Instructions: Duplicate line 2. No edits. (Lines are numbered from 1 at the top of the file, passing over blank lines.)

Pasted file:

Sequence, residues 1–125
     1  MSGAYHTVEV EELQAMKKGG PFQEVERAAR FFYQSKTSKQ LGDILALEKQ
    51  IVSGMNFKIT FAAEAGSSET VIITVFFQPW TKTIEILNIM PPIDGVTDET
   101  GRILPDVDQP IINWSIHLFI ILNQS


     1  MSGAYHTVEV EELQAMKKGG PFQEVERAAR FFYQSKTSKQ LGDILALEKQ